At this point, I had Tim run down to the car to move it from the valet (so we could get into it after the valet closed at 5) and get the labor bag… just in case. The nurse asked me quite a few questions, but thankfully we had most of the answers already saved from the last visit, so we just had to confirm the answers. She also took the chance when Tim was out of the room to ask about history of abuse, at which point I could brag about my husband quite a bit, saying that he was “absolutely perfect,” and he did so much to take care of me. I also got chatty with her and told her that we were high school sweethearts, and a little bit about our relationship. At this point, I realized I was feeling great! I was in a great mood, and that was the kind of feeling I wanted to have on the day that my babies were born (totally the opposite of the visit to the hospital a week earlier when I felt so sick and hot). Of course, we still were convinced that “today would not be the day,” but I knew that THAT was the feeling I wanted on The Day.
While Tim was gone, he called our moms to update them that I was getting monitored for slightly elevated blood pressure, but it was probably just for a couple of hours and then we would go home. No need to hop in the car just yet.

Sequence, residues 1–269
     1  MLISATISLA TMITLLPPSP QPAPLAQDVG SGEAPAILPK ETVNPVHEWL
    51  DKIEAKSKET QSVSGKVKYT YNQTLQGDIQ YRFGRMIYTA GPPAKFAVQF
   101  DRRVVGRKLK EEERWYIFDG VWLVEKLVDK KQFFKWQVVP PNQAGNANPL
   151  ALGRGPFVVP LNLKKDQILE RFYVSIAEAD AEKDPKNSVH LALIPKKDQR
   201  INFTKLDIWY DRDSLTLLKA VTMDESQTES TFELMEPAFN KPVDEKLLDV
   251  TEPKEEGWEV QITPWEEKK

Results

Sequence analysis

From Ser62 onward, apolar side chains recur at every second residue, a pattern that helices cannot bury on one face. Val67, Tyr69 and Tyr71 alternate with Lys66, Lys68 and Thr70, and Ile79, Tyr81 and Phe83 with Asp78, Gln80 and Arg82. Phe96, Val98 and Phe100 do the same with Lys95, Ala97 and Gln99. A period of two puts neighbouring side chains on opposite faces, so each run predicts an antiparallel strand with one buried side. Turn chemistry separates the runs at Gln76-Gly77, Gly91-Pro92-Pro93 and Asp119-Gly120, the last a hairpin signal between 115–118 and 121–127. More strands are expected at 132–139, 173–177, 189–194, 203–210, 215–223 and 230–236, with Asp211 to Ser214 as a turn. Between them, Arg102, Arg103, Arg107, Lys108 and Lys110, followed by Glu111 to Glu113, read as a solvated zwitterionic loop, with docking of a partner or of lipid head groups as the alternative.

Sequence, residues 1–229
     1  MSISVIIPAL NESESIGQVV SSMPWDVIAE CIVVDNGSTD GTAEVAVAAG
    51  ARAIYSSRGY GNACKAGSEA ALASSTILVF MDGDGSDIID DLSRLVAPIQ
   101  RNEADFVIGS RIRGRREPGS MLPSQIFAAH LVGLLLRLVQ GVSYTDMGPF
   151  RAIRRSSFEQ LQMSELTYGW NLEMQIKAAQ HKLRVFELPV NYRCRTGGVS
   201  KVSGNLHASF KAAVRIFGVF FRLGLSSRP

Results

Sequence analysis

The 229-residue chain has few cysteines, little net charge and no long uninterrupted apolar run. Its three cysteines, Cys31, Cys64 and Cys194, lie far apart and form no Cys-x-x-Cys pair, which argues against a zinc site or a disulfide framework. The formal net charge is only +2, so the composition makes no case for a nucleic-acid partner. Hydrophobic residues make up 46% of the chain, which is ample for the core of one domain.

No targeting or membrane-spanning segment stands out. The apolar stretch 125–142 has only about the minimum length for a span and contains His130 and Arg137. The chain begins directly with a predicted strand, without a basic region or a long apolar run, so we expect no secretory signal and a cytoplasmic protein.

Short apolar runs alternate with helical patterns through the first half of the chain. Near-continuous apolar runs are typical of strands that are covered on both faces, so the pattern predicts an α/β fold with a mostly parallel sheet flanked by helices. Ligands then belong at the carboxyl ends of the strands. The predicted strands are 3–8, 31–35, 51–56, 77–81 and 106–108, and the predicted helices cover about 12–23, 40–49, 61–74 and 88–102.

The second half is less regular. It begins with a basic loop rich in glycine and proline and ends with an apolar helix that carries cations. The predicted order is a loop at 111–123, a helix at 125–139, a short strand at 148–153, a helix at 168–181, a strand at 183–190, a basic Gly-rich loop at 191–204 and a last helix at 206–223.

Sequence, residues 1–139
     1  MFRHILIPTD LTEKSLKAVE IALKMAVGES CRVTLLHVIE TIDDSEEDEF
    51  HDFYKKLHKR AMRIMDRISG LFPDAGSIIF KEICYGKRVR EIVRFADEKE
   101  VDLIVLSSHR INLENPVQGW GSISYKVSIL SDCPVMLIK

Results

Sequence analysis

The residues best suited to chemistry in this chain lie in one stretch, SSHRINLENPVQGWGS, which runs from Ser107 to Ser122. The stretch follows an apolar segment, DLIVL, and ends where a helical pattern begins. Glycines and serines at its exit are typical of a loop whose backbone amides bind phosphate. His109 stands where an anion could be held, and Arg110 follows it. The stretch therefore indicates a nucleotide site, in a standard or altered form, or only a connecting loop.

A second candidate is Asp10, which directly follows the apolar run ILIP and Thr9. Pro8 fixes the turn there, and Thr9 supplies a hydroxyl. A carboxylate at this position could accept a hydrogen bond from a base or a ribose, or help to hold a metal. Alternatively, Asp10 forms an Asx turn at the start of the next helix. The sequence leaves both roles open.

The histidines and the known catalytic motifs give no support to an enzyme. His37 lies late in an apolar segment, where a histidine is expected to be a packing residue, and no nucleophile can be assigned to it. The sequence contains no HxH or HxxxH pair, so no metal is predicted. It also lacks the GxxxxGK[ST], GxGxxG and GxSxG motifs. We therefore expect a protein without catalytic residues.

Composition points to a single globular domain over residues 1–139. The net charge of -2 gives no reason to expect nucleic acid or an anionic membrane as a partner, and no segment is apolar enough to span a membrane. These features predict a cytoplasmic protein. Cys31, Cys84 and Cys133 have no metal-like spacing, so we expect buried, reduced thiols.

We spent the next couple of hours being monitored and waiting. We talked to the nurse, I ate some ginger snaps and apple slices, and we kept an eye on my blood pressure. It didn’t seem to go down, but it wasn’t at a high enough point to be overly worried, either. I just stayed as calm as possible, and it was nice to just sit and relax with my husband and the nurse. Plus, both babies were doing great and not affected at all by my blood pressure, so there were no added concerns there. We turned on the Andrew Johnson Deep Sleep track to help me try to relax further and lower my blood pressure. We actually only got a few minutes into it, because we had so many people in and out of the room.
Tim and I talked as it got closer to 5:00 and my doctor would soon come in. We wondered what she would say. Would she give us the choice to induce today or not? What would we want to do? We had an induction scheduled for a week afterwards. Would we wait and keep that date, or would we just go for it since we were already there and feeling well. What would happen? We decided that, if given the choice, we would let the babies twincubate a little while longer. I was hesitant to come to this decision, as I was really uncomfortable all the time at this point in my pregnancy (although I worked really hard to hide it and not complain about it). I also was feeling really positive that day and not at all scared of being in the hospital (a great feat for me who used to be terrified of all things medical)… and that was just the situation I wanted to be in on the day I gave birth.
I started sending Facebook messages to my younger brother and mom, letting them know that we were probably going to get discharged in just a couple of minutes and head home. False alarm! No babies today! I think I got through the conversation to my brother, and then was starting to talk to my mom.